After the July 15 failed coup attempt in Turkey, Russian intellectual Fyodor Lukyanov writes in an article, titled “People With Big Ambitions: What the Turkish Coup Means for Russia,” that Moscow has grounds for satisfaction with the current situation. Lukyanov believes that Turkish president Recep Erdogan now needs to find reliable foreign partners to support his regime. However, Erdogan’s “zigzag” policy has hardly gained him respect in any foreign capital, and Turkey might now regard Moscow as a possible strategic partner. Lukyanov writes that Turkey relations with the EU are worn down. The EU abandoned the idea of a common European home and if Turkey will reinstate the death penalty, as mooted after the failed coup, this would doom Turkey’s chances of joining the EU and force Ankara to leave the Council of Europe.
According to Lukyanov, the primary reason for the EU’s diminished desire to cooperate with Ankara is that the European countries never fully accepted Turkey as “one of their own.” Russia can sympathize with Turkey, as it as well has been treated by Europe as a “barbarian at the gate” notwithstanding the common cultural and historical heritage. Lukyanov views Erdogan’s need for new allies, as an opportunity for a Turkey-Russia partnership, for offsetting and even reducing Western geopolitical influence. Lukyanov writes: “Europe is no longer the center of the world. Earlier, if Europe sneezed, the whole world caught cold. Now, however, three-fourths of humanity is simply uninterested in what ails these strange people with their oversized ambitions and diminishing ability to implement them properly.” Continue reading
On April 12, 2016, the website of the pro-Kremlin think tank Valdai Discussion Club published an article by Fyodor Lukyanov, academic director of the Valdai Discussion Club, chairman of the Council on Foreign and Defense Policy, and editor-in-chief of the Russia in Global Affairs journal. In his article, titled “The End of the G8 Era: Russia Does Not Need Western Hierarchy,” Lukyanov argues that there is no reason to revive the G8 after Russia’s 2014 suspension from it following the Russian annexation of Crimea. Noting that “the G8 reflected a certain period of history when Russia really wanted to be integrated into the so-called Extended West,” he adds that since Russia’s suspension from the G8, it has become clear that Russia does not “fit into the Western community.” Continue reading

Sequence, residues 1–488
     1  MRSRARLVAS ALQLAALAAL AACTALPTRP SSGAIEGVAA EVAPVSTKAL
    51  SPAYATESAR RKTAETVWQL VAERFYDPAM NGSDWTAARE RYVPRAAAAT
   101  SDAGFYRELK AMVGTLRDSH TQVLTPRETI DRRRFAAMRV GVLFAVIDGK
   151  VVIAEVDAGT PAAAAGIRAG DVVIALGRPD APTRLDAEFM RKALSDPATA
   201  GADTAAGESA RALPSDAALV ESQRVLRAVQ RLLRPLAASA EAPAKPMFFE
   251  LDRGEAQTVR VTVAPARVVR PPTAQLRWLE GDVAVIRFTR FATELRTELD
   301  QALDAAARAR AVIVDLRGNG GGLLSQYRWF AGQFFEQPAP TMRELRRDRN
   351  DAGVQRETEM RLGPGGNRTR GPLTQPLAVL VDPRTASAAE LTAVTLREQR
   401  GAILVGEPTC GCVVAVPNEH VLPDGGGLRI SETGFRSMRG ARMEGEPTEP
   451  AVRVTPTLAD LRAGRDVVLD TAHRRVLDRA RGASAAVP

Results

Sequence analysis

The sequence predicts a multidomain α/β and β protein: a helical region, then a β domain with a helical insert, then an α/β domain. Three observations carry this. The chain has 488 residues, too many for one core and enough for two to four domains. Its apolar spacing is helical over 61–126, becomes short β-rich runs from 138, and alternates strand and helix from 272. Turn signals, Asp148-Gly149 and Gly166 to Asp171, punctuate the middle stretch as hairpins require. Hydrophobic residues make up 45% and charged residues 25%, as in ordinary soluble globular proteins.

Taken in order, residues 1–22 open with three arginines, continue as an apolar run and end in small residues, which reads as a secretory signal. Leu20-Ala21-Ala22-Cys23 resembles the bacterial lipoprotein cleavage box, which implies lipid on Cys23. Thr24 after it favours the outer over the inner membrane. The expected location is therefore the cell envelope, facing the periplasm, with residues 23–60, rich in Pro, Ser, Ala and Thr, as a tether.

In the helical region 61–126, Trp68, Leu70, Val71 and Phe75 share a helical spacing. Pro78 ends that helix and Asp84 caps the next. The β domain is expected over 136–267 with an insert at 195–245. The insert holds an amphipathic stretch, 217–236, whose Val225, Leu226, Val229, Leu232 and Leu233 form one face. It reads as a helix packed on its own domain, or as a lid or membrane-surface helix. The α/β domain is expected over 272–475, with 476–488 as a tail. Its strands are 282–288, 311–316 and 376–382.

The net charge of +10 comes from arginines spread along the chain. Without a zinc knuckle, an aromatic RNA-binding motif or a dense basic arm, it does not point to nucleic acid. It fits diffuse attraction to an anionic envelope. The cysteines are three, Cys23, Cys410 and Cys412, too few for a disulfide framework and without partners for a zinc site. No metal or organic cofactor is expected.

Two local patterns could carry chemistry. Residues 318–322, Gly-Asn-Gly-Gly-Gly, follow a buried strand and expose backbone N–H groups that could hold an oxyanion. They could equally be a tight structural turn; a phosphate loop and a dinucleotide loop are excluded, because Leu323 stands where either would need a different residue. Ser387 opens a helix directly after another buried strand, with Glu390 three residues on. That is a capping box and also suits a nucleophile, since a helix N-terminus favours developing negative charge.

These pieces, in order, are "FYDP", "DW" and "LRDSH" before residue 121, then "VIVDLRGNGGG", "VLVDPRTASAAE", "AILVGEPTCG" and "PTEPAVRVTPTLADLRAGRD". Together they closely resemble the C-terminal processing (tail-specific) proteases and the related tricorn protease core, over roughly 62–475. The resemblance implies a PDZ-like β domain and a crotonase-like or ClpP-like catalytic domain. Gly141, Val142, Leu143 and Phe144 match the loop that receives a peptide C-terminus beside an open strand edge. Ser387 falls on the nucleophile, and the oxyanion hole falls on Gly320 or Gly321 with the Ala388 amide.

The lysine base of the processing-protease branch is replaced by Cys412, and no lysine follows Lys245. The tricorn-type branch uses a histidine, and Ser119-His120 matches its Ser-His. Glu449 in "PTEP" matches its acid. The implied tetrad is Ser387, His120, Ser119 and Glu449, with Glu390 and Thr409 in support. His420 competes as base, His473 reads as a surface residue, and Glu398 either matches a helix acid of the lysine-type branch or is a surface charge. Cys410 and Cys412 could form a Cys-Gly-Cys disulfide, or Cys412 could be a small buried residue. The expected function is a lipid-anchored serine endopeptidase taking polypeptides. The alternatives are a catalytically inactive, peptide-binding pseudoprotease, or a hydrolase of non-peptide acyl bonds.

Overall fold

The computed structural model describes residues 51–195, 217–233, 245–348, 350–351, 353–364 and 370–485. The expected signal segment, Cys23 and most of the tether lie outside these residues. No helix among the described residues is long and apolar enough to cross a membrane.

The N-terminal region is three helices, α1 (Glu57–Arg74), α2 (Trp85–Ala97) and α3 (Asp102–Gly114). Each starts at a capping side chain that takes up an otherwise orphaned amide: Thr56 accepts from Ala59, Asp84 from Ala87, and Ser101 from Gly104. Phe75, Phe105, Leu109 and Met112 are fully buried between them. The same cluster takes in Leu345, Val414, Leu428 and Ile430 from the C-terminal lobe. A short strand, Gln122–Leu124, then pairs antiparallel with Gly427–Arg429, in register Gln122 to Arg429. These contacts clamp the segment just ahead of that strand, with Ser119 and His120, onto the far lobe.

New Zealand’s Prime Minister, John Key, was enjoying some friendly banter with his Russian counterpart when they stumbled on to a distinctly unfriendly subject: nuclear war.
It was a lunch break at an international summit, as Key related to me earlier this year: “So we’re having this joke exchange and one point I said to him: ‘How long would it take a missile to get out from Moscow to NZ?’ ”
The Russian Prime Minister, Dmitry Medvedev, briefly consulted an aide, apparently without success, before turning back to the NZ leader. Key relates: “He said, ‘Don’t worry, I’ll let you know before it happens’.”
And since that exchange, the humour has drained away. Russia’s President, Vladimir Putin, has put his country’s 5000 nuclear warheads at the forefront. Three times in the past two months, he has raised the spectre of nuclear war as he confronts the West. Continue reading
Iranian Diplomacy’s exclusive interview with Fyodor Lukyanov, columnist for Al-Monitor and editor of the journal ‘Russia in Global Affairs’
– Many in Iran believe that Russia was the winner in Iran’s isolation and the sanctions against this country. Do you agree with such an assessment? With an improvement in relations with the West, do you predict that Tehran would distance itself from its look-to-the-East policy and prefer the European markets to Russia for its energy?
– Relationship based on inability of one of the partners to choose cannot be sustainable. Yes, Russia benefits from absence of Iranian oil and gas on certain markets, but it no strategy at all. Russia is facing huge challenges with the need to diversify its economy, to find new markets in the East, and there is not a right approach to rely on expectations that powerful competitors are removed from the market. Continue reading
Russia last month completed the first land link that North Korea’s Stalinist regime has allowed to the outside world since 2003. Running between Khasan in Russia’s southeastern corner and North Korea’s rebuilt port of Rajin, the 54-kilometer rail link is part of a project President Putin is pushing that would reunite the railway systems of the two Koreas and tie them to the Trans-Siberian Railway.
That would give Putin partial control over links to European train networks 8,000 kilometers (5,000 miles) away. The route is as much as three times faster than shipping via Egypt’s Suez Canal, which handles 17,000 ships a year, accounts for about 8 percent of maritime trade — and is increasingly beset by pirates and political instability in Egypt and Syria. Continue reading